Maverick volleyball ‘proving it’ in 2012
Published: Tuesday, September 11, 2012
Updated: Tuesday, September 11, 2012 19:09
The first trip through Division I competition could best be described as forgettable for the UNO volleyball program. In 2011, the Mavs finished just 5-23 against a schedule that included 11 D-I matches.
This season there is no jumping from division to division. All 28 contests are against Division I teams, including 16 Summit League matchups.
Perhaps it’s because of a tougher schedule. Perhaps it’s because UNO’s first experience as a D-I school was a rude awakening. Regardless of the reasons, Head Coach Rose Shires is asking her team to prove it in 2012.
“One morning this summer she (Shires) came in and she had all these red bands for us,” senior defensive specialist Amy Roberts said. “They say ‘Prove it Today’, and on the inside they say ‘Maverick Volleyball.’
“It’s kind of something for us to always look down at. She wants us to make sure that when we look down at it, it’s always facing towards us so we can read it. It’s just a constant reminder that we’re gonna prove that we’re here to play, prove that we can compete Division I and prove that we’re ready to compete.”
In last season’s 11 matches against upper division talent, the Mavs managed just seven wins and had a combined hitting average of just .098. Seven times the Mavs were swept in straight sets.
UNO lost in their first nine tries as a Division I program to get a D-I win, finally breaking though with a 3-2 victory at UMKC on Oct. 16.
“Each practice the coaches unanimously pick one (player), and we’ve had up to three, of the person who proved it that day,” Roberts said. “[The player] who proved it that day, who proved it that practice, who was all out, who was doing what the coaches asked of them or who made the biggest improvement that day.”
Take a look around campus and you might see a few backpacks adorned with Shires’ ‘Prove It’ wristbands. Players started taking the extra ones they’ve earned and stringing them through the same spot that has their nametag and identifies them as a student athlete.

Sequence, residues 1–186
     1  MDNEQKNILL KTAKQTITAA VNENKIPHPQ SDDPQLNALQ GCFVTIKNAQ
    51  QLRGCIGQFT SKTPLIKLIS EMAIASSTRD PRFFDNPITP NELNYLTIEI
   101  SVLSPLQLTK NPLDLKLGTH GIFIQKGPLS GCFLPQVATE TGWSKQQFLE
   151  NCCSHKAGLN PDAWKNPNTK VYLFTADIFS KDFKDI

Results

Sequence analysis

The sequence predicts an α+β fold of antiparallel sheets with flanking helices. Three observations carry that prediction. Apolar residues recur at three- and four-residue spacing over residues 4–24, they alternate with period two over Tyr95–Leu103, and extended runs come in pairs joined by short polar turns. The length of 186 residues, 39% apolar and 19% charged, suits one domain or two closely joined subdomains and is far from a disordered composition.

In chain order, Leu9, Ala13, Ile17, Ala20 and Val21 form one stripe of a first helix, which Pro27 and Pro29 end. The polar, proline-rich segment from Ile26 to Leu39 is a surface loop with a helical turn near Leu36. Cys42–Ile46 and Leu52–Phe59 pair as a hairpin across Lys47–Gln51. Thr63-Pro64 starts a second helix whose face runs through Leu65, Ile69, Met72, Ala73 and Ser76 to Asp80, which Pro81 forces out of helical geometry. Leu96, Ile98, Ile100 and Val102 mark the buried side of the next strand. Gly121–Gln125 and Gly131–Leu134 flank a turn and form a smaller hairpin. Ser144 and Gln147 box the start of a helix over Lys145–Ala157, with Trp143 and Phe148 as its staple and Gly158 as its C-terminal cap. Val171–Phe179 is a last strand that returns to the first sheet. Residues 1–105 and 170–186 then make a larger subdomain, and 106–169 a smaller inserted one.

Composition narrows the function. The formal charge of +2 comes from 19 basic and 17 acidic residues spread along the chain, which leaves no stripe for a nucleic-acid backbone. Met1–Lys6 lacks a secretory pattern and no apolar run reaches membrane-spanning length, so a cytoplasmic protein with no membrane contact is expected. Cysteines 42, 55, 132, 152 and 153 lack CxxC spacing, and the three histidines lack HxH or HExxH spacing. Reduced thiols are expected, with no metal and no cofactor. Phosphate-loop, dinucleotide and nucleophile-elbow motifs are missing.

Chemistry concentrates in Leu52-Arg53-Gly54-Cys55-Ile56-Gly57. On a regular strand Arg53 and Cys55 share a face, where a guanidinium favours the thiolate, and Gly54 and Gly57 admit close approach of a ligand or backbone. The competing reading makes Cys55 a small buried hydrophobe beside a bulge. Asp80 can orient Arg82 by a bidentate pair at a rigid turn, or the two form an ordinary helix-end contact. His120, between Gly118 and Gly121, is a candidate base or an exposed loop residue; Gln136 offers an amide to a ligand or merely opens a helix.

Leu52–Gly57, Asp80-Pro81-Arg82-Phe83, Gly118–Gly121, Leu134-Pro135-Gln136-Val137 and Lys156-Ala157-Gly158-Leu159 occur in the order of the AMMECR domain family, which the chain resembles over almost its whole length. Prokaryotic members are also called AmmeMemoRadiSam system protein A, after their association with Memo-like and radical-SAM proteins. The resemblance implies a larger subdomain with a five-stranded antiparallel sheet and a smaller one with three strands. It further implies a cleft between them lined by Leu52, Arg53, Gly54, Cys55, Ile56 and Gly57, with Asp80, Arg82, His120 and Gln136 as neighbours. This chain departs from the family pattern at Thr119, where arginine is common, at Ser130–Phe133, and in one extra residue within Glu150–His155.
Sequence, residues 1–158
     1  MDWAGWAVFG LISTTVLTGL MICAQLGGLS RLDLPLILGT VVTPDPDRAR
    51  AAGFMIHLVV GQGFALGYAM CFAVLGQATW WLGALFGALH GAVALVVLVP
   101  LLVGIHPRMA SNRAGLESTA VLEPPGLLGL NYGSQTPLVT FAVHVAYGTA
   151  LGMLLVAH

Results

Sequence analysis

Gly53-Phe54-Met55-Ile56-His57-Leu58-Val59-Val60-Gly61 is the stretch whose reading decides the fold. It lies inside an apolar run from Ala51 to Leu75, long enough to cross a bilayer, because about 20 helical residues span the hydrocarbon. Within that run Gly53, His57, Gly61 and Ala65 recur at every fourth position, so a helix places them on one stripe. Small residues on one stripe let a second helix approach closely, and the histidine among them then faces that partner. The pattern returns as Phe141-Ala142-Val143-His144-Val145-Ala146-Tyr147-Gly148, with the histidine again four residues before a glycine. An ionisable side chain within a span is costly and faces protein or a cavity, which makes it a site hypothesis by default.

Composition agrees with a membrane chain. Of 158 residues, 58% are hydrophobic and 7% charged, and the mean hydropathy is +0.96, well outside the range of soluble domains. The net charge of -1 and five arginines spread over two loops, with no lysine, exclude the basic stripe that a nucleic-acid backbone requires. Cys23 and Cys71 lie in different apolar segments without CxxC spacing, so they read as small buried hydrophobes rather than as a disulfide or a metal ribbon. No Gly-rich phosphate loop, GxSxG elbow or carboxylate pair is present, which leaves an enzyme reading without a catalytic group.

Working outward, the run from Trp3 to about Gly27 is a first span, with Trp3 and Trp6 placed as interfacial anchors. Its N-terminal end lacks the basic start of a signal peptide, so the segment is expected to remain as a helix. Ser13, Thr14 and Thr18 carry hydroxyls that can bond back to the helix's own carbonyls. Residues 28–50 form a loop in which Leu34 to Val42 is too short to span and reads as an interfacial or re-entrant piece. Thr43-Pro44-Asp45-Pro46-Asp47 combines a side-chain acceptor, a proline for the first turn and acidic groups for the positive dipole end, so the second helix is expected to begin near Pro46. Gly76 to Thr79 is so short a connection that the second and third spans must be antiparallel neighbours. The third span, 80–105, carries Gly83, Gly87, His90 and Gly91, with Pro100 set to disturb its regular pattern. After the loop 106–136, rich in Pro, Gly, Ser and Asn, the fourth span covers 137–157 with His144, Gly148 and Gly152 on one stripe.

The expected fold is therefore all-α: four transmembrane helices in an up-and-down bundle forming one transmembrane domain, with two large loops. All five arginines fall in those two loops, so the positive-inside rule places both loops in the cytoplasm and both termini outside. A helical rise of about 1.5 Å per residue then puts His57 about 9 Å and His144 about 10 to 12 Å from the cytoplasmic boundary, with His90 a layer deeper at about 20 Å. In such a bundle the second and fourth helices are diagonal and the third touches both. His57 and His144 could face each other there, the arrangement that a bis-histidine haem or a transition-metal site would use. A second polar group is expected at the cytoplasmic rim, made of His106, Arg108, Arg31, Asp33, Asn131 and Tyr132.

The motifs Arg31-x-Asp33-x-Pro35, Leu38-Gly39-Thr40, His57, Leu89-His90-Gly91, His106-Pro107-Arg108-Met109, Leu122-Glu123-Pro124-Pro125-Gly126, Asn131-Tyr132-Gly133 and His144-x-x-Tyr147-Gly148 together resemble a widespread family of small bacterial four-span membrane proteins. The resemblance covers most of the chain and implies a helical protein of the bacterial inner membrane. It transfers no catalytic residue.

The player with the most bracelets at the end of the season will be the Prove It Player of the Year.
“Right now we’re all focusing on proving it every day, each and every one of us,” Roberts said. The senior also noted that there is “definitely a competition going” on who can amass the most wristbands.
So far, UNO is 5-5, and they’ve already achieved as many wins in 10 games as they did all of last season. The graduation of two of the program’s best players and the departure of five others left the Mavs with just three upperclassmen to lead the way towards proving it in 2012.
Roberts, along with outside hitter Natalie Ebke and middle blocker Chelsea Snyder, are the only seniors among two sophomores, four redshirt freshmen and five true freshmen.
“We wanted to have a mindset that we weren’t a young group,” Roberts said. “We were gonna go in and we were gonna compete as if we were all seniors and that we all had that experience.”
Teaching the younger players began with leading in offseason workouts. Through weightlifting in the early mornings and spring practices, Roberts and her fellow seniors had all their teammates hitting their fitness goals.
At the end of summer workouts the team was tested in a 10-yard dash, an agility run and a vertical. Roberts indicated that almost everyone on the team improved in each category.
But growing team chemistry also means being together more than just when everyone is on campus.
“Since there is only three of us (seniors), me, Chelsea and Natalie, we want to make this as close of a team as possible,” Roberts said. “Just because we’re all older than the other girls on the team, we don’t want to make it feel like that.”
Roberts said her and her fellow seniors tried to get everyone out for team dinners and spent time getting together at teammates’ houses. Each of the three seniors brings their own leadership abilities.
But Roberts said differences in age and experience mean little. The seniors want to make everyone feel invested in the team’s success.
“There’s definitely those times we need to step up and say things as upperclassmen because we’re here, we’ve had the experience and we kind of know what needs to happen,” Roberts said. “So we do step up when those roles need to be taken, but for the most part we try to keep us all as equals.”